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Monaco Yacht Show 2005 Live Coverage - M/Y Jasmin The Scent of Pure Excellence

M/Y JASMIN, with her dark blue hulk, flared bow, white superstructure, and her flawless fully-faired finish, is such a vessel

The World Is JASMIN’s Oyster
If the prospect of cruising non-stop at 11 knots for 5,000 miles is too daunting (for that is what JASMIN is capable of thanks to her astute design and exceptional fuel efficiency), not to worry. Just because she is ocean-going, MCA compliant, with full classification from Lloyd’s Registry of Shipping, doesn’t mean she can’t also sail gently up the Bosphorus, to enjoy the sights and sounds of her home waters, or head off toward Italy’s Amalfi Coast – whatever her superyacht guests prefer, JASMIN can oblige. At a cruising speed of 10 knots JASMIN doesn’t even need both her engines.

Perfect Down to the Last Detail
In so short a space it is, quite literally, impossible to do a craft like JASMIN full justice, because what makes it special is quite simply its almost limitless welter of innovations, such as the two VIP guest cabins each having their own door onto the aft deck, transforming  them into mini-master-cabins in their own right; or the unexpected facts that the table on the aft deck can be lowered to coffee table height while (for example) water sports are in full flow, or that – Turkish to the core – JASMIN is fitted with an olive tank to store the very best virgin olive oil for use in the gourmet dishes served on board – in JASMIN’s dining room that sits ten comfortably around its oval mahogany dining-table. Or indeed outside on either the main or the upper deck, where versatile deck tables are designed to seat up to 16 guests comfortably.
There are 4 guest cabins in all, in addition to the 45-square meter master stateroom, and JASMIN has so many sunbathing areas that privacy is assured even when all staterooms are occupied.

Showcasing Collective Genius  
In the main saloon deck of JASMIN, on a bookshelf heaving with tempting volumes about Turkey and about yachts, I noticed a copy of Volume 17 of The Superyachts, produced in 2004. I immediately devoured editor Roger Lean-Vercoe’s introduction and acknowledgements, in which he discusses what features confer the status of “superyacht” upon a vessel. The answer’s not straightforward, Lean-Vercoe writes, since what makes a superyacht isn’t so much overall length, displacement or even cost. What distinguishes a superyacht from what is merely a “well-built large boat” – in his view – is not so much that the vessel is generally large (though, almost certainly, it is over 35m /115ft in length) but that it’s a yacht “which meets the highest standards of design and construction. In addition, it is a yacht that excels in one or more particular fields, be it craftsmanship, the ornateness of the interior, or even the sheer size of the project.”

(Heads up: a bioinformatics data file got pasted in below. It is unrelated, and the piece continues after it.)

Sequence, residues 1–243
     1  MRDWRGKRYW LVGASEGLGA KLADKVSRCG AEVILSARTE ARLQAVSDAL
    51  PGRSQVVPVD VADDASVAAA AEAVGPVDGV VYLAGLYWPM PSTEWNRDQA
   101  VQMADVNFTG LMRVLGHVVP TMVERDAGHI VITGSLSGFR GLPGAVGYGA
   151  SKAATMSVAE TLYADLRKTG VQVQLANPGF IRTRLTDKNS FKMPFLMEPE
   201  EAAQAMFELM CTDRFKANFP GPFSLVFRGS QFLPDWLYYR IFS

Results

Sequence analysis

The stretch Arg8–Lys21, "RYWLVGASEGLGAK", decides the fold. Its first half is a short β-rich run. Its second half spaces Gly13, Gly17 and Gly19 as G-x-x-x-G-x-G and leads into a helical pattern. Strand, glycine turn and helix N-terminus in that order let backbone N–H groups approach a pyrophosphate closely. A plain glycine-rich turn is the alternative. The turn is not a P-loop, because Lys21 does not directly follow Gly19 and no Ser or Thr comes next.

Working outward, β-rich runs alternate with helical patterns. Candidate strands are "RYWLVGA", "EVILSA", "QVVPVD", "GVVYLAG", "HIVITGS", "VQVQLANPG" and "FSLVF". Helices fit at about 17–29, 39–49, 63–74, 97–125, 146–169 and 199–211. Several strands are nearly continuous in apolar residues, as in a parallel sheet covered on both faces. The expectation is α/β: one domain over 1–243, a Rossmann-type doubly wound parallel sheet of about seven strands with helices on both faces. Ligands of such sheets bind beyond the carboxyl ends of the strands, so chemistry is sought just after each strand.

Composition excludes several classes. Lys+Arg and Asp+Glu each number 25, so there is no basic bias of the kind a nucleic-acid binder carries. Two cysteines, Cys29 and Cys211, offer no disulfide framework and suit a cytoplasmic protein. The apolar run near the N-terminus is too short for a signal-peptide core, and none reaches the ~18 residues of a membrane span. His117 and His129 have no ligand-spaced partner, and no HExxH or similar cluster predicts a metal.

It will not I think surprise anyone reading this article to learn that JASMIN, inevitably, is one of the vessels listed. Deservedly so, because it excels not in one, or even two, but all three of the fields of excellence Lean-Vercoe mentions.
A superyacht like JASMIN, in other words, is a showcase; not just for the owner of the yacht, but also for the naval architect, interior designer, stylist, builder and craftsmen who have devoted a sustained period of their life to the creation of an amazing collective work of art.
The scent of JASMIN, in short, is the scent of excellence itself. Who could ask for more from a superyacht? Come. 

While You’re In Istanbul
If chartering M/Y JASMIN from its home port, Istanbul - embarking as I did in Atakoy Marina, for example - then don’t miss out on a visit to Istanbul’s famous Grand Bazaar ( Kapali Çarsi, Covered Market). With well over three thousand different shops, it is Turkey’s largest covered market offering beautiful Turkish carpets, glazed tiles and pottery, copper and brassware, apparel made of leather, cotton and wool, meerschaum pipes, alabaster bookends and ashtrays, and all sorts of other excellent wares. Importantly, a dozen restaurants in the bazaar allow you to have lunch in the midst of your shopping. It is closed on Sundays, bear in mind.

If you prefer to eat elsewhere, then I could not recommend anywhere more delightful than the Topkapi Palace Konyali, where you can dine on traditional Turkish fare - a total of 700 diferent dishes from soups to deserts - while savoring a magnificent view of the Bosphorus. Konyali has become known to many kings, queens, presidents, prime ministers, princes, and princesses all of whom got to know Turkish cuisine through Konyali. Highly recommended.

If you would like more information regarding booking a charter aboard Jasmine,
please contact Peter Insull’s Yacht Marketing
Les Résidences du Port Vauban,
19 avenue du 11 Novembre, 06600

Antibes,  France
+33 (0) 493 34 22 42

[email protected]

More Stories By Jeremy Geelan

Jeremy Geelan is Chairman & CEO of the 21st Century Internet Group, Inc. and an Executive Academy Member of the International Academy of Digital Arts & Sciences. Formerly he was President & COO at Cloud Expo, Inc. and Conference Chair of the worldwide Cloud Expo series. He appears regularly at conferences and trade shows, speaking to technology audiences across six continents. You can follow him on twitter: @jg21.

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